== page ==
The 28-year-old Gold Coast beauty is long and lean, her skin golden, her smile broad. Her eyes are the perfect blend of blue-green and when she looks at you it can be hard to stay focused. Yes. She's that beautiful and if her family snapshots are anything to go by Margot was perfect from the moment she entered this world.
Given that, it's easy to why it was confronting for her to be made to look not just plain, but genuinely ugly for her latest role as Queen Elizabeth I in Focus Features' Mary Queen of Scots.
In an interview with Harper's Bazaar Margot revealed she found the experience difficult adding that it affected her deeply, particularly when she would leave the makeup trailer only to find that nobody would catch her eye, let alone spend a moment.
"I’d say, 'Hey, how’s your weekend?' " the actress was quoted as saying.
"But they wouldn’t even get close to me. It was very alienating. And I felt very lonely. It was an interesting social experiment."
It's difficult to imagine Margot looking anything but heavenly but the film's makeup team made it happen. All the same, it wasn't easy.
In fact transforming the stunning Margot into a woman who was significantly scarred by smallpox took skill and considerable time - three and a half hours in the hair and makeup chair daily to be exact.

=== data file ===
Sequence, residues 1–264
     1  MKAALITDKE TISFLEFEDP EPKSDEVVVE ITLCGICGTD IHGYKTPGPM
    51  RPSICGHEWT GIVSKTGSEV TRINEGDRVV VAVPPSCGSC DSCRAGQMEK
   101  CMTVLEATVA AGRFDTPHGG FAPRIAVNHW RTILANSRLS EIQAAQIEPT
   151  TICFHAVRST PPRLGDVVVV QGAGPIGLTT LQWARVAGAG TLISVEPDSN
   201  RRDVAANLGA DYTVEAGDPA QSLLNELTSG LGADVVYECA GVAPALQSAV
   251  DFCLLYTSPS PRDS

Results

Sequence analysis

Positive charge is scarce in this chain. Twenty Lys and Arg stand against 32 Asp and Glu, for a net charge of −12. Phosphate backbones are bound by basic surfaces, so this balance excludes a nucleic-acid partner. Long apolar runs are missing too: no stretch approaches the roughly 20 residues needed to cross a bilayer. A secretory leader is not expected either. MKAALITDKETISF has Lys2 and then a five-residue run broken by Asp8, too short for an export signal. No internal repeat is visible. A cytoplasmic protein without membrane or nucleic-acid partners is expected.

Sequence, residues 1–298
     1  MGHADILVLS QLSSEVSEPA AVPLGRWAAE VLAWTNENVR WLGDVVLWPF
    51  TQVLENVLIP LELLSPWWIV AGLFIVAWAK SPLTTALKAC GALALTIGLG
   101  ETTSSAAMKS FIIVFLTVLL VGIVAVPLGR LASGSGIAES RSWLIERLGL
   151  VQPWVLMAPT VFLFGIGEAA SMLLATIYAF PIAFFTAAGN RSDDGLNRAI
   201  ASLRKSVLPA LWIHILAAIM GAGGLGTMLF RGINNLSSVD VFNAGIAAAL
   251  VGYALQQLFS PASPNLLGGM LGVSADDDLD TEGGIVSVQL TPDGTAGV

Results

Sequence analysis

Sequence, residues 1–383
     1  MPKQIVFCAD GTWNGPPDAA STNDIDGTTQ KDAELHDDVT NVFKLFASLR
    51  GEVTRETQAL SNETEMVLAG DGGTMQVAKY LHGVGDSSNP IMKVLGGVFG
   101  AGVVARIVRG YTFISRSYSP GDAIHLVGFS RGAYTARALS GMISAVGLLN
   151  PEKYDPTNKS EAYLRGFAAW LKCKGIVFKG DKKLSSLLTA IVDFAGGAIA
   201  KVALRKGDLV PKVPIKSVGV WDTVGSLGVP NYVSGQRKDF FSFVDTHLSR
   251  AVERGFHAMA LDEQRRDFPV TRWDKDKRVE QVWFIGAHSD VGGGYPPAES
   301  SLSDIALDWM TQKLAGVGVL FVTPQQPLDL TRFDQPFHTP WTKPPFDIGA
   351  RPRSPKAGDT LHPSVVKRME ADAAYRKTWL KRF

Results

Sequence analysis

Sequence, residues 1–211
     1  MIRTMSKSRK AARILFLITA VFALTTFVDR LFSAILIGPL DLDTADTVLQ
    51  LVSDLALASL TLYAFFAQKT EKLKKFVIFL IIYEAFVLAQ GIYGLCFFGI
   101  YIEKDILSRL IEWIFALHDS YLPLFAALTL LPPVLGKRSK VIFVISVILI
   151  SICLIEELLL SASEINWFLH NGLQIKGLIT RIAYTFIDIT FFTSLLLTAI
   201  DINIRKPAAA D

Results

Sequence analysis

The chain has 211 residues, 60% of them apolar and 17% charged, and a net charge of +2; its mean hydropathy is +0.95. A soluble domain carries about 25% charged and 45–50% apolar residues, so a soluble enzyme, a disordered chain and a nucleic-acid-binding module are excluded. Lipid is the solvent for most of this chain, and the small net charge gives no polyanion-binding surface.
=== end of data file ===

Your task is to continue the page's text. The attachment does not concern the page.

"They'd start with a head wrap, gelling and pinning my hair down," Margot told Harper's Bazaar.
"Then we'd do a bald cap." Various wigs were then wedged on and prosthetic scarring was also applied to her face. Makeup was last. It was refreshingly speedy, says Margot.
Surprisingly the quickest part of the transformation was the white makeup and the heavily drawn-on blush, eyebrows, lips.
Co-star Saoirse Ronan was impressed by Margot's amazing makeover but says her appearance never affects the way she behaves.
"Margot is a very, very good actor who takes her work incredibly seriously. I don't think looks even factor into it. Even when she has a glamorous role, she's got this brilliant, strong presence, and part of that is because she's a very sincere and authentic person. She's very open," Ronan says in the magazine's December 2018/January 2019 issue.
"What you see is what you get."